LPV of the Month December, 2016



R Aur is a bright large amplitude Mira that has been well observed by the AAVSO over a considerable time period.  Over 30,000 observations are in the AID with the first observations made back in 1865.  Over 1,000 different observers have contributed to the light curve shown below which displays all observations in he AID.  It is one of the Legacy LPV Program stars.

It's spectral class is M6.5e to M9.5e according to the VSX and it's interesting to note that it's spectra was first measured in 1890 by Rev. T. E. Espin.

The GCVS lists R Aur as having a visual magnitude range of 6.7 to 13.9 with a period of 457.5 days.  This places R Aur in a large group of Miras with a long period (>350 days) which do generally show some interesting light curve characteristics.

R Aur is contained in the list of LPV Humps maintained by Frank Schorr.  It shows a hump in the ascending branch of the light curve.  This can clearly be seen in the phase diagram and the light curve over the past 2,000 days as shown below.

Marsakova and Andronov (2007) analysed a selected group of LPV's which show hump features in their light curves based on 80 year's worth of data from the VSOLJ and AFOEV (not sure why they didn’t use AAVSO data!) and R Aur was one of the stars analysed in greater detail.  They found that, as with many other LPV's with humps, the humps don’t occur in every cycle.  For R Aur, they found that it occurred on average about every second cycle (45 cycles in 100 to be more precise).

They also found that the average duration of the hump was 30 days which represents about 6.6% of the total period.  The average phase of the cycle where the hump appeared was 0.25 which is evident in the phase diagram above.

Marsakova and Andronov found a reasonably strong correlation between the asymmetry of the light curve and some hump parameters.  For R Aur, this correlation was quite strong between the asymmetry and the phase and duration of the hump.  However their paper did not propose any physical significance of these correlations in terms of what may be causing the hump behaviour. 

Numerous papers provide possible explanations for the humps observed on long period Miras.   These include:

  • Movement of a shock wave in the star atmosphere
  • Interaction between pulsations and oscillations in a circumstellar dust cloud
  • Resonance between fundamental and first overtone pulsation
  • Interaction between the Mira star and a close companion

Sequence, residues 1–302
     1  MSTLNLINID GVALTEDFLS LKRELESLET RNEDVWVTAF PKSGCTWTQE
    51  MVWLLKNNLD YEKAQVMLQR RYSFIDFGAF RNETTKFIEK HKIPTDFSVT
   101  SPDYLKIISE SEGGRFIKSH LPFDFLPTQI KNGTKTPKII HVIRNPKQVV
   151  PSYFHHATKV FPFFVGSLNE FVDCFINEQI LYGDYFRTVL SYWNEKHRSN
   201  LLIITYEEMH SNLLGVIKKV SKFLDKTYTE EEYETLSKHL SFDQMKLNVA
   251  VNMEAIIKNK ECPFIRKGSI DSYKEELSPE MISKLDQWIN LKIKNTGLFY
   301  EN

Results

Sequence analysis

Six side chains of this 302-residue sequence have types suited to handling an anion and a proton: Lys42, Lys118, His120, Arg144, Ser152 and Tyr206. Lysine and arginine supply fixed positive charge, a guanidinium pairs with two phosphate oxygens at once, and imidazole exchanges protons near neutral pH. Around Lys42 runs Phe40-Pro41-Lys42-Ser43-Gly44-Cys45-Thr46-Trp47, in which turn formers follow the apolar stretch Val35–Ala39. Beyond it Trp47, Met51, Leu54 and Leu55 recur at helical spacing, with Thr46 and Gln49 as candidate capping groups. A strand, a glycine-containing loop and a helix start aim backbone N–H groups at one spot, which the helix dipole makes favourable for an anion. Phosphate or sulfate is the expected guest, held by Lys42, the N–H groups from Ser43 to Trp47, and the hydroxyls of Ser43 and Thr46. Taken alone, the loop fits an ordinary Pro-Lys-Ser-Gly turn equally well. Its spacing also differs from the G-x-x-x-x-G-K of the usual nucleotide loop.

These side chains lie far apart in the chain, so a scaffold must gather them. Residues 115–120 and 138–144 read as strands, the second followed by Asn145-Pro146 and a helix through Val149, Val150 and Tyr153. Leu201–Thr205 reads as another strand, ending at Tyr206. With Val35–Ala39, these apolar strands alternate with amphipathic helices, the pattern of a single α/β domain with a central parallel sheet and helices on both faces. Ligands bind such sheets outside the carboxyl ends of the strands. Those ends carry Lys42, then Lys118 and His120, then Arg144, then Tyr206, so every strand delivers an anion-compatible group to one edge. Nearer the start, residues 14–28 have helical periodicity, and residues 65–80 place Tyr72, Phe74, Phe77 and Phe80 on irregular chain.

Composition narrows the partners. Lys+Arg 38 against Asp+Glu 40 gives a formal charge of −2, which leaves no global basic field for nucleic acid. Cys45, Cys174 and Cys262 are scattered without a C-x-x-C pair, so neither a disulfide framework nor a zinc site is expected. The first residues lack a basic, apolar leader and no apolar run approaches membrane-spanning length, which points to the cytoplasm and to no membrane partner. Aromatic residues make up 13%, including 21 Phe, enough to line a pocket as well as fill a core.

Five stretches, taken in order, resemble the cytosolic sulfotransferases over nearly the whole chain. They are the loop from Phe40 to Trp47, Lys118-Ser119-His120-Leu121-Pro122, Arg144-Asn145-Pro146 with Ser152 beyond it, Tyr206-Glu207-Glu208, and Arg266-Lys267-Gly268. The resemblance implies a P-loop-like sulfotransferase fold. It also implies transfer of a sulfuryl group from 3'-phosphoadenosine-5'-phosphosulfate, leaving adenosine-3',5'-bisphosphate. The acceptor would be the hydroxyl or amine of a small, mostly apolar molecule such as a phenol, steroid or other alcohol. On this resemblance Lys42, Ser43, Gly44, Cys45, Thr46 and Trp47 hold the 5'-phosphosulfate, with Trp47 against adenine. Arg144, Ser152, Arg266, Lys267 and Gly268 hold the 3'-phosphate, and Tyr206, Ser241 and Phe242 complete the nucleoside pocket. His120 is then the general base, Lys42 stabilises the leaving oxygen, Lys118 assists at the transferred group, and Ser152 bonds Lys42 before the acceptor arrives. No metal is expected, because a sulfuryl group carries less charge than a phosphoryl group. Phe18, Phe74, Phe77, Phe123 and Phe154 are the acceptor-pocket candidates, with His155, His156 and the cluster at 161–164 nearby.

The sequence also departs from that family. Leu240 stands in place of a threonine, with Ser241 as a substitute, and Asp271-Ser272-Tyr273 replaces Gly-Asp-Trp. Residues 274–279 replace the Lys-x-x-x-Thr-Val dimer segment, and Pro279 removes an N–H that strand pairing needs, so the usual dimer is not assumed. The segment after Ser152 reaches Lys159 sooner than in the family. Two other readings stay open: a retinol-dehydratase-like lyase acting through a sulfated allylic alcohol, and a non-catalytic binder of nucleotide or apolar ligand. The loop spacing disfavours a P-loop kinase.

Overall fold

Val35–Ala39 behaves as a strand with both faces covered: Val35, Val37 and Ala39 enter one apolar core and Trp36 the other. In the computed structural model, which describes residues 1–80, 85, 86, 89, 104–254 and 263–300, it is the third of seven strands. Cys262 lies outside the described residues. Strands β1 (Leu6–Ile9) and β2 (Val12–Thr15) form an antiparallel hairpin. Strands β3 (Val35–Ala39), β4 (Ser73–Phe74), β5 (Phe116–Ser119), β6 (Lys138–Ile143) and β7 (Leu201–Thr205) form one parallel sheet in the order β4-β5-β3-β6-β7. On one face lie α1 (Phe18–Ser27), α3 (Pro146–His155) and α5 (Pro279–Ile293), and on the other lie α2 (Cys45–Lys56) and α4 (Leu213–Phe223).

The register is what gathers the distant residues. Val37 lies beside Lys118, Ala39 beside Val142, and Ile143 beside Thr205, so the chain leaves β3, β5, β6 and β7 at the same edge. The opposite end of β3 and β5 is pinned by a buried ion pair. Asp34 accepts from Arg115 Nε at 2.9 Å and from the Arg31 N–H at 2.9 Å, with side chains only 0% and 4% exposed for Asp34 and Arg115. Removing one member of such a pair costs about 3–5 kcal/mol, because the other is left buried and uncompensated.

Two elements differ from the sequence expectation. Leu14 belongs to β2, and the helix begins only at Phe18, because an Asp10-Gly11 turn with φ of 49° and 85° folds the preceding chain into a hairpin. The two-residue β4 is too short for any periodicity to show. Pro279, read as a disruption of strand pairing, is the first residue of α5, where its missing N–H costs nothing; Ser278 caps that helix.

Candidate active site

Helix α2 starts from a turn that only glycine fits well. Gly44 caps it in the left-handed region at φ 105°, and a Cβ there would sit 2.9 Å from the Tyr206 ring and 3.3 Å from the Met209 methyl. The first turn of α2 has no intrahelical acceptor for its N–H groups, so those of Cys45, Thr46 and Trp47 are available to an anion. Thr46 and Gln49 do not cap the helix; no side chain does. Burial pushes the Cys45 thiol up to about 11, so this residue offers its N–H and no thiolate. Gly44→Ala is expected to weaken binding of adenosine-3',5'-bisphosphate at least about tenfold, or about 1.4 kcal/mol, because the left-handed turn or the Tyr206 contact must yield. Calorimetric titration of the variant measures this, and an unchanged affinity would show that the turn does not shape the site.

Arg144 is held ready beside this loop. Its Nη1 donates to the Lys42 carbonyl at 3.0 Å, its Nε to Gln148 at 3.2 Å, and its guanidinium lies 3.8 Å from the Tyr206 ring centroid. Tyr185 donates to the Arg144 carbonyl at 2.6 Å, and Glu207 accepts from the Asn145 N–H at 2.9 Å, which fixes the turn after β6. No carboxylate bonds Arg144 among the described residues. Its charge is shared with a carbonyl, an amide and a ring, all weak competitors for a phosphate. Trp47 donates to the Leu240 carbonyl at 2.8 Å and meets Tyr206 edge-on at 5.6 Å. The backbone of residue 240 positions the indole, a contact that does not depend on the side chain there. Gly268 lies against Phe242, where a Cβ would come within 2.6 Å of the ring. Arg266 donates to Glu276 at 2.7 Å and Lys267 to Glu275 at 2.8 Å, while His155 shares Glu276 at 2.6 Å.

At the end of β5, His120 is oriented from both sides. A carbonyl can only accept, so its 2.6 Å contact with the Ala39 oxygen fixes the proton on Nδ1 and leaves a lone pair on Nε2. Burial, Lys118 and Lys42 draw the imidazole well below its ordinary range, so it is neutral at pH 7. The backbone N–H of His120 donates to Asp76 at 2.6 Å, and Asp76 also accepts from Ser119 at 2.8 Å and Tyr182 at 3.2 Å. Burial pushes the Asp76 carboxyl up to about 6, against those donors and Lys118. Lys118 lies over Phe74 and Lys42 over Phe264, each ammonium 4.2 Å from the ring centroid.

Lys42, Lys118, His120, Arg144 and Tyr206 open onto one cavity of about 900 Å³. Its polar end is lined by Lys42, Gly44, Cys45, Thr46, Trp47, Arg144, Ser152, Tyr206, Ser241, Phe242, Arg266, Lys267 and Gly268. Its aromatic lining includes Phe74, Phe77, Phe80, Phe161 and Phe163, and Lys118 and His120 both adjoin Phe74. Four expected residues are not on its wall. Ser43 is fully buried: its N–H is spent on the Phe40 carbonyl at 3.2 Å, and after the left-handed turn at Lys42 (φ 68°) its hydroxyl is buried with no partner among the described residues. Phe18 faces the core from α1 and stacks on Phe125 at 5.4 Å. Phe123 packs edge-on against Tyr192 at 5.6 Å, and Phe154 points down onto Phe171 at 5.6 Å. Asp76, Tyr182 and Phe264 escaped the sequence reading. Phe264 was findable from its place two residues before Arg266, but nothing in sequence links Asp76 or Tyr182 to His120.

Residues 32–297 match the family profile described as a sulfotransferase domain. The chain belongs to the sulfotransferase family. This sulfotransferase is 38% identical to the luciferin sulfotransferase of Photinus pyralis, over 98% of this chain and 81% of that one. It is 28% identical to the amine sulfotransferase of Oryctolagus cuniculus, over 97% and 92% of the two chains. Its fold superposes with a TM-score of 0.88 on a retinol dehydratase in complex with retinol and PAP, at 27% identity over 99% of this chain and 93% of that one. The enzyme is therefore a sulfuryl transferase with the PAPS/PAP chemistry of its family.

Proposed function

I'm not sure there is a consensus yet which makes these Miras an important subgroup to follow.

Miyata et al (2000) observed a number M Mira variables with a mid-infrared spectrometer which included R Aur. They found that the observed spectra can be reproduced by a linear combination of the stellar continuum and two dust components quite well. This indicates the existence of two kinds of dust grains around M Mira variables such as R Aur. One component is the 10 micron feature, and its carrier is attributed to the amorphous silicate. The other component is the 11 micron feature that they identified as a kind of amorphous alumina.

An analysis has been performed to ascertain any period changes in R Aur over the past 150 years based on observations in the AAVSO AID.  The figure below suggests that there has been a "meandering" of the period between the range of 450 to 465 days.  The WWZ analysis performed produces almost exactly the same period diagram as developed by Karlsson et al.  This slow meandering behaviour is relatively common in the longer period Miras.


R Aur is an interesting LPV to follow so all are encouraged to maintain the coverage that the AAVSO has facilitated for over 100 years.


"Variability of Long Period Variable Stars III: Changes in the Parameters of Humps in the Ascending Branch", V.I Marsakova & I.L Andronov, Astrophysics, Vol 50, No. 1, 2007

"Period length over time for Mira stars", Karlsson et al, http://var.astronet.se/mirainfoper.php

"A Spectroscopic Study of Dust and 18 Oxygen rich Mira Variables in the N Band. I. DUST PROFILES", Miyata et al, Astrophysical Journal, 531, 917-927, March 2000